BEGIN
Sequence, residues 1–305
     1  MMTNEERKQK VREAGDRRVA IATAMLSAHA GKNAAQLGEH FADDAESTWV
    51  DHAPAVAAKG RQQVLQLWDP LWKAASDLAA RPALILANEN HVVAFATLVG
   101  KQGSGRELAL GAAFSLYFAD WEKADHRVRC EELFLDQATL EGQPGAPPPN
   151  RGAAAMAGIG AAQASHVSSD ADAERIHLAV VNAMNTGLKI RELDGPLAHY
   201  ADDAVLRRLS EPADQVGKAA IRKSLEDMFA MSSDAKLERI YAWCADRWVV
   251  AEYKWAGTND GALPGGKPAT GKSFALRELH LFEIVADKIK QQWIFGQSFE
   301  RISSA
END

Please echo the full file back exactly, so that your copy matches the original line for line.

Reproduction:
Sequence, residues 1–305
     1  MMTNEERKQK VREAGDRRVA IATAMLSAHA GKNAAQLGEH FADDAESTWV
    51  DHAPAVAAKG RQQVLQLWDP LWKAASDLAA RPALILANEN HVVAFATLVG
   101  KQGSGRELAL GAAFSLYFAD WEKADHRVRC EELFLDQATL EGQPGAPPPN
   151  RGAAAMAGIG AAQASHVSSD ADAERIHLAV VNAMNTGLKI RELDGPLAHY
   201  ADDAVLRRLS EPADQVGKAA IRKSLEDMFA MSSDAKLERI YAWCADRWVV
   251  AEYKWAGTND GALPGGKPAT GKSFALRELH LFEIVADKIK QQWIFGQSFE
   301  RISSA